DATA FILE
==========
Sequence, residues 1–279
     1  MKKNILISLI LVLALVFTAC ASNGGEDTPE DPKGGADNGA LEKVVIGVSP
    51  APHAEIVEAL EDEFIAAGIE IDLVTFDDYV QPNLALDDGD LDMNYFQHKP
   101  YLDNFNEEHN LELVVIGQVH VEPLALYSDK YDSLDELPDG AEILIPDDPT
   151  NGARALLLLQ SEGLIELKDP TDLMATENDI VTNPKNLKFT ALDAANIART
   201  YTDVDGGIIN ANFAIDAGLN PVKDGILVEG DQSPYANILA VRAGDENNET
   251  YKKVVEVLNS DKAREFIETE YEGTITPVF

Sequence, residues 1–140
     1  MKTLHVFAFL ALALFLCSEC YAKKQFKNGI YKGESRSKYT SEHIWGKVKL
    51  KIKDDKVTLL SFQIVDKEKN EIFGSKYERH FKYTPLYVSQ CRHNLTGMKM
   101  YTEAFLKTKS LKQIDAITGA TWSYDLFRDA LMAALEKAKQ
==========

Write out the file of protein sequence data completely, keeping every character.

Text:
Sequence, residues 1–279
     1  MKKNILISLI LVLALVFTAC ASNGGEDTPE DPKGGADNGA LEKVVIGVSP
    51  APHAEIVEAL EDEFIAAGIE IDLVTFDDYV QPNLALDDGD LDMNYFQHKP
   101  YLDNFNEEHN LELVVIGQVH VEPLALYSDK YDSLDELPDG AEILIPDDPT
   151  NGARALLLLQ SEGLIELKDP TDLMATENDI VTNPKNLKFT ALDAANIART
   201  YTDVDGGIIN ANFAIDAGLN PVKDGILVEG DQSPYANILA VRAGDENNET
   251  YKKVVEVLNS DKAREFIETE YEGTITPVF

Sequence, residues 1–140
     1  MKTLHVFAFL ALALFLCSEC YAKKQFKNGI YKGESRSKYT SEHIWGKVKL
    51  KIKDDKVTLL SFQIVDKEKN EIFGSKYERH FKYTPLYVSQ CRHNLTGMKM
   101  YTEAFLKTKS LKQIDAITGA TWSYDLFRDA LMAALEKAKQ